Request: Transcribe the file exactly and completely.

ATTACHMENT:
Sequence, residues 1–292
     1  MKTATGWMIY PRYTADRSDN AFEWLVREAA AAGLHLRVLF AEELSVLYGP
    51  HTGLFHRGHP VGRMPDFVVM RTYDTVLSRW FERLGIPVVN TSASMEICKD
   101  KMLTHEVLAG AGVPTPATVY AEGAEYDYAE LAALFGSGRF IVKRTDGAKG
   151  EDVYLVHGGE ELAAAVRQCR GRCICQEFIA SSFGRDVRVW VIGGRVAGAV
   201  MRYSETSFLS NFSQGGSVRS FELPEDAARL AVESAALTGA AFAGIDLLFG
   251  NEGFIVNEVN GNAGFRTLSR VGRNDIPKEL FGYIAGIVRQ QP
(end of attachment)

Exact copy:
Sequence, residues 1–292
     1  MKTATGWMIY PRYTADRSDN AFEWLVREAA AAGLHLRVLF AEELSVLYGP
    51  HTGLFHRGHP VGRMPDFVVM RTYDTVLSRW FERLGIPVVN TSASMEICKD
   101  KMLTHEVLAG AGVPTPATVY AEGAEYDYAE LAALFGSGRF IVKRTDGAKG
   151  EDVYLVHGGE ELAAAVRQCR GRCICQEFIA SSFGRDVRVW VIGGRVAGAV
   201  MRYSETSFLS NFSQGGSVRS FELPEDAARL AVESAALTGA AFAGIDLLFG
   251  NEGFIVNEVN GNAGFRTLSR VGRNDIPKEL FGYIAGIVRQ QP